When we think of outcomes, we need a more complicated calculation of cause and effect than some owner or company stood to make a profit.

What’s Wrong with the Neoliberal Order?

I recently read a review of a new book critical of capitalism – The Rise and Fall of the Neoliberal Order: America and the World in the Free Market Era.

Naturally, any book with the title of “rise and fall” with reference to an “order” reminds me of William Shirer’s The Rise and Fall of the Third Reich, a study of evil institutionalized.

I found the concept of the rise and fall of an order used to denigrate free markets annoying.

First is my skepticism of the intellectual process of fashioning critical hypotheses in order to expose abuses of power.  I find the methodology trite and a diversion from understanding reality. “Critical” frameworks, depending on the assumptions and presumptions of the critic, easily degenerate into mere narrations, hard to clearly separate from fictions and fables.

To be sure, myths, fairytales, stories, parables even, can enlighten, give us metaphors, teach ethics and inculcate moral lessons.  But understanding systems, especially human systems, which amalgamate culture, psychology, politics, economics, self-interest, faith, ambition and lassitude, demands a different order of thought than emotionally provocative storytelling.

I am particularly put off by contemporary critics of capitalism who concoct an ideal type of order given the name of “neoliberalism.”  To be sure, neoliberalism, as described, is a perfect foil for socialism.  Neoliberalism is perverse when socialist ideals are more directed to equality of comforting outcomes for individuals, entitlements to better living systemically provided by the reigning power structure of one’s society.

The project to disparage “neoliberalism” strives to marginalize, through defamation, non-state sources of authority, power and opportunity – free markets, private property, religions and individualism.

What most annoys me about the term “neoliberalism” is how it covers up a correct understanding of the intellectual origins of what is being rejected as unhealthy for human civilization.  What is now called “neoliberalism” or microeconomics, with its use of price and marginal utility theory to control supply and demand and its acceptance of profit as rationalizing correct decision-making, began with Herbert Spencer in his 1851 book, Social Statics.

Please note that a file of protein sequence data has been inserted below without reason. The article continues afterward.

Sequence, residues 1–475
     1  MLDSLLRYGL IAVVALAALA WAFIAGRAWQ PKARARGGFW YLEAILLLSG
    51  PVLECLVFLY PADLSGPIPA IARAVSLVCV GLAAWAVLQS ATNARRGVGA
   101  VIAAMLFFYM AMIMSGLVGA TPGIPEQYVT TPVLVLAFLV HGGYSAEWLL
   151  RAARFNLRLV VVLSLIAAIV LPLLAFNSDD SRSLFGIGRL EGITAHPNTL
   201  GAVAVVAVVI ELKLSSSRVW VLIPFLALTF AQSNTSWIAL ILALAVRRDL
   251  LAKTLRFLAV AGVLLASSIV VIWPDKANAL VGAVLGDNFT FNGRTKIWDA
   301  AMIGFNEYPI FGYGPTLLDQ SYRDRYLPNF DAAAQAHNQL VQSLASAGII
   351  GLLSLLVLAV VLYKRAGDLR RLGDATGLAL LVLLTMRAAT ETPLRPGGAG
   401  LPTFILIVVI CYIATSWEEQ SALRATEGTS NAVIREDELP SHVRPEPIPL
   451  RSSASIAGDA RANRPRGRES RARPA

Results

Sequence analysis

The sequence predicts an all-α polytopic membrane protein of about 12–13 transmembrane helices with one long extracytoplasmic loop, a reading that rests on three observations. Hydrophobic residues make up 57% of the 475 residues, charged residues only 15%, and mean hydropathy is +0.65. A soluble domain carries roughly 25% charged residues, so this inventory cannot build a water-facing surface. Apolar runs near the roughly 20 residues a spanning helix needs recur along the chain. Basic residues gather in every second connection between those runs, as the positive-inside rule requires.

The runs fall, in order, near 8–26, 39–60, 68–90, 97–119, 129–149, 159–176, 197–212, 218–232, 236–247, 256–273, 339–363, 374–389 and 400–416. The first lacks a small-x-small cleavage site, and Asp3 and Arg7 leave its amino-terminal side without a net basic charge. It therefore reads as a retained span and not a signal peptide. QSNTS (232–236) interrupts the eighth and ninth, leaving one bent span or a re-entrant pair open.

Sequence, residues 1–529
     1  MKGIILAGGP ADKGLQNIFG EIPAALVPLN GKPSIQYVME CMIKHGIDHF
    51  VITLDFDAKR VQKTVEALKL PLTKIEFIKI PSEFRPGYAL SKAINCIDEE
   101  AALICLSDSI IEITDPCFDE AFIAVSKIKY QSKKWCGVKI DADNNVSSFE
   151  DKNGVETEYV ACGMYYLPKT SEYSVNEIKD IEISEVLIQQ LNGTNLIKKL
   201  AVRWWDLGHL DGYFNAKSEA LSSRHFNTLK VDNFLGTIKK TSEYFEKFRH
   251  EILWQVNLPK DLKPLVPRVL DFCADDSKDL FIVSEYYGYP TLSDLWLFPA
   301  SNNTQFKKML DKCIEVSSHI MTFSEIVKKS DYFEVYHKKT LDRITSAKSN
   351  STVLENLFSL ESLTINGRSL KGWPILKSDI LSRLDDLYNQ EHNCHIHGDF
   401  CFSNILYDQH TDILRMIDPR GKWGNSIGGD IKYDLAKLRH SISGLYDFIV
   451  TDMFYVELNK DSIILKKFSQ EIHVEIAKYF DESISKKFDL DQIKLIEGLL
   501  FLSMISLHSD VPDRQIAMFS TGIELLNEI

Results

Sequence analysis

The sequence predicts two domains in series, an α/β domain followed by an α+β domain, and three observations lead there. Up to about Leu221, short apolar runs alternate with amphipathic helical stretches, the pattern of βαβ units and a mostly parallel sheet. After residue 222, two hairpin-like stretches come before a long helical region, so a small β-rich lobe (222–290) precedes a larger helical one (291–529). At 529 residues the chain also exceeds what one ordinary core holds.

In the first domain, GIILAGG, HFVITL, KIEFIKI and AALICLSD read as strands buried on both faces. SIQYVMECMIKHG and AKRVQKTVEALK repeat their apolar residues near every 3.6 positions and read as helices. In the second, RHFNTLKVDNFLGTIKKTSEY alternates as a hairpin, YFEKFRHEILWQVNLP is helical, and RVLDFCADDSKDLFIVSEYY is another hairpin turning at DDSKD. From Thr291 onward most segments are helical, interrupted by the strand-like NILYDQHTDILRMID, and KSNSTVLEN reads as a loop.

Spencer’s thinking, now largely forgotten, was, until recent decades, most known as social Darwinism, an extreme form of individualism, where survival through competition was the goal of every person born alive.

In the late 19th century, Spencer’s thinking was adopted by people like Andrew Carnegie and William Graham Sumner in the U.S. as a moral and intellectual foundation for the industrial revolution and the modern economy based thereon.

Spencer and those who followed his thinking, though, broke with Adam Smith in a very important way: they rejected the moral sense as a powerful braking mechanism restraining human self-assertion.  In the tradition of Aristotle and Cicero in the West (and of Mencius in China), Smith had written a psychological/sociological study of the moral sense with the title of The Theory of Moral Sentiments.  Smith’s guidance could be named as “enlightened self-interest” or “self-interest considered upon the whole.”

Any economic system which provides scope for individuals using their moral sense cannot fairly be called “neoliberalism.”

Now, to me, the crux of the argument between those who want “neoliberalism” and those who want more outcome determinate actions from government is who gets to extract rents from the economy?

Neoliberals want to minimize rent extraction by government and so tolerate the risk of sub-optimal rent extraction by owners of private property in private, free market transactions.

In particular, neoliberals tolerate lower wages for workers and anti-neoliberals want government to check such preference in using the proceeds of firm earnings by setting wage standards and empowering unions to bargain with firm owners over wages and working conditions.

Anti-neoliberals tolerate lower economic growth and innovation so that government may extract rents to provide entitlements to citizens – retirement stipends; healthcare; education; subsidies of various sorts; salaries for administrators; and expenditures on public good infrastructures, such as roads and bridges and a transition to clean energy generation.

Both sides argue over where, along a continuum of totally free and capricious private power at one end and totalizing monopolies of government power at the other, a society should seek to optimize its well-being.

Neoliberalism is also faulted for encouraging globalization of markets, the better to hamstring and weaken national governments, the principal source of effective power to reign in the galloping herds of neoliberal wealth creators.